Southern California get’s hit with the strongest earthquake in 20 years


A road is damaged from an earthquake Thursday, July 4, 2019, in Trona, Calif. A strong earthquake rattled a large swath of Southern California and parts of Nevada on Thursday, rattling nerves on the July 4th holiday and causing some damage in a town near the epicenter, followed by a swarm of aftershocks. (AP Photo/Matt Hartman)

LOS ANGELES (AP) – The strongest earthquake in 20 years shook a large part of Southern California and parts of Nevada on Thursday. This rattled people due to the holiday and caused injuries and damages in a town near the epicenter, followed by multiple aftershocks.

The earthquake was a 6.4 magnitude quake and struck at 10:33 a.m. in the Mojave Desert, and covered about 150 miles northeast of Los Angeles, near the town of Ridgecrest, California.

There were multiple injuries and two house fires that were reported in the town of 28,000 people. Emergency crews were also dealing with small fires, gas leaks and reports of cracked roads, said Kern County Fire Chief David Witt.

Witt said that 15 patients were evacuated from the Ridgecrest Regional Hospital as a precaution and out of concern for aftershocks.

Kern County District Supervisor Mick Gleason told CNN there were some structural issues with the hospital and some patients had to be moved from one ward to another and that others were taken to a neighboring building.

Gleason didn’t say what the structural issues were.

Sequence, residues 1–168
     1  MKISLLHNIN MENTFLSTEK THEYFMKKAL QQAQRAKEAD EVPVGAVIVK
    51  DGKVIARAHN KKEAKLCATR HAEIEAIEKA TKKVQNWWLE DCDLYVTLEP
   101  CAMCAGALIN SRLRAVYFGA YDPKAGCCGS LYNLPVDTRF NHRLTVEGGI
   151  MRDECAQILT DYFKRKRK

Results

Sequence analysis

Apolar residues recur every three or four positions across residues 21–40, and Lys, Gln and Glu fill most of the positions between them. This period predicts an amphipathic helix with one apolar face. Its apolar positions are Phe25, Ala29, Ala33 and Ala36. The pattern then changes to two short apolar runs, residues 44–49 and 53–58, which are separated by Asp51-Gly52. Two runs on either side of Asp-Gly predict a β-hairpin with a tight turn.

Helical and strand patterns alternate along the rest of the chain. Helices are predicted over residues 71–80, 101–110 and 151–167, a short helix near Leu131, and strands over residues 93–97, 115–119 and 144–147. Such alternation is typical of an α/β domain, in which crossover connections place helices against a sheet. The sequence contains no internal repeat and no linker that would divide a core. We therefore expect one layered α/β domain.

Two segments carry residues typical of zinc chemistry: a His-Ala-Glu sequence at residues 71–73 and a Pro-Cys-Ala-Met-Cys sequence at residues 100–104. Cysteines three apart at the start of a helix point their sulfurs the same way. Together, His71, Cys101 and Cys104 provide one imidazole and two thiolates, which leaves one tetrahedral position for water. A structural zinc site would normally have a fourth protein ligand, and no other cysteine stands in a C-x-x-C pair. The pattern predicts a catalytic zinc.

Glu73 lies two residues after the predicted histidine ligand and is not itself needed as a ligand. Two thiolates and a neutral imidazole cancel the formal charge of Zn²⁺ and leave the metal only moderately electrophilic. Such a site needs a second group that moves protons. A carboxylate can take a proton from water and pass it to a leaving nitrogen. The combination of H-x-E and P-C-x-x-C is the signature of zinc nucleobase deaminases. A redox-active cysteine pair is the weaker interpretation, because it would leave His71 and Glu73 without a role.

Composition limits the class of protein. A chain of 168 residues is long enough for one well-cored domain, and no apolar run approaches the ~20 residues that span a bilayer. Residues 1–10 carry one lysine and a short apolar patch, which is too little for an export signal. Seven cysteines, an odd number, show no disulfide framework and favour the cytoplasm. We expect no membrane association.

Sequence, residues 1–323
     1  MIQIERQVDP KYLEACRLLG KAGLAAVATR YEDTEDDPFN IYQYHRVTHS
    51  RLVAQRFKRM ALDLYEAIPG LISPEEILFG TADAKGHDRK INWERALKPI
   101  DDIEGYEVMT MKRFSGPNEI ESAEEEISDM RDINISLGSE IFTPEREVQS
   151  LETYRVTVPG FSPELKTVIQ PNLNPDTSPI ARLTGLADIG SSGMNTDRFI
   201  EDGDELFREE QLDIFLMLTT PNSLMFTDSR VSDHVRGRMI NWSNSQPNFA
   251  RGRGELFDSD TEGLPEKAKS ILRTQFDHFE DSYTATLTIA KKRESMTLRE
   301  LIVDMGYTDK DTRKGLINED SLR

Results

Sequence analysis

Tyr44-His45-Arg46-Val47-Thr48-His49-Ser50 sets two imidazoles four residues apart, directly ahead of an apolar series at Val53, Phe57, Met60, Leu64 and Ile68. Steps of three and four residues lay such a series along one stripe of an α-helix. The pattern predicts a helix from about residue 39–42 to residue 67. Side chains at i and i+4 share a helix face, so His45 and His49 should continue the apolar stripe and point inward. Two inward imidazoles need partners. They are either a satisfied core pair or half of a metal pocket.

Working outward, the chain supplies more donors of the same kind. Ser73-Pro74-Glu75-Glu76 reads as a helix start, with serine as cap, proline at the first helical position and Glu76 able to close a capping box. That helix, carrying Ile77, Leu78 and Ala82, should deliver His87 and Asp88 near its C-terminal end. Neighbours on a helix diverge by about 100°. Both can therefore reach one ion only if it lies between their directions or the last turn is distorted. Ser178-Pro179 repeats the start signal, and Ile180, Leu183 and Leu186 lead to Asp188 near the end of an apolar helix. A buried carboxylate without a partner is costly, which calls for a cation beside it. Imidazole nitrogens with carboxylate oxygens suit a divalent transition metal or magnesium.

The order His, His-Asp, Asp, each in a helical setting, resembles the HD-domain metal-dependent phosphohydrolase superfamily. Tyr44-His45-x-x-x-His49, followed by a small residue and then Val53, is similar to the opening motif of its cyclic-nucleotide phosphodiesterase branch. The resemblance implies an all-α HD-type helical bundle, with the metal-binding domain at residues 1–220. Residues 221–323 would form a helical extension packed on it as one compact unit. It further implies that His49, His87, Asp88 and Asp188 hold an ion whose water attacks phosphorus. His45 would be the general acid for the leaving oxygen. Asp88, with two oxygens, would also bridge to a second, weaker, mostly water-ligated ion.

Gov. Gavin Newsom declared a state of emergency for Kern County. The declaration means that the state will help the country and municipalities in it with emergency aid and recovery efforts.

Mayor Peggy Breeden of Ridgecrest applauded Newsom for declaring the emergency. She also noted at a news conference that other nearby governments have offered to help the recovery effort.

President Donald Trump said that he was fully briefed on the earthquake and that it “all seems to be very much under control!”

Police and fire officials said at a news conference Thursday afternoon that they have enough resources so far to meet needs in the wake of the earthquake. Ridgecrest Police Chief Jed McLaughlin said at a news conference that “we have plenty of resources.”

California Highway Patrol Lr. John Williams said that officials found cracks on several roads in the county, but overpasses and underpasses are in good shape.

A series of aftershocks included a 4.5 magnitude temblor, according to the United States Geological Survey.

There were no reports of serious damage or injuries in Los Angeles, the department said.

The quake was detected by California’s new ShakeAlert system and it provided 48 seconds of warning to the seismology lab well before the shaking arrived at Caltech in the Los Angeles suburb of Pasadena but it did not trigger a public warning through an app recently made available in Los Angeles County.

Glenn Pomeroy, the head of California’s Earthquake Authority, said the earthquake is “an important reminder that all of California is earthquake country.”

Pomeroy urged the estimated 2,000 people in the region hit by the quake who have California Earthquake Authority insurance policies to contact their residential insurance agencies as soon as possible. Information on how to file a policy claim is on the agency’s website:, he said.

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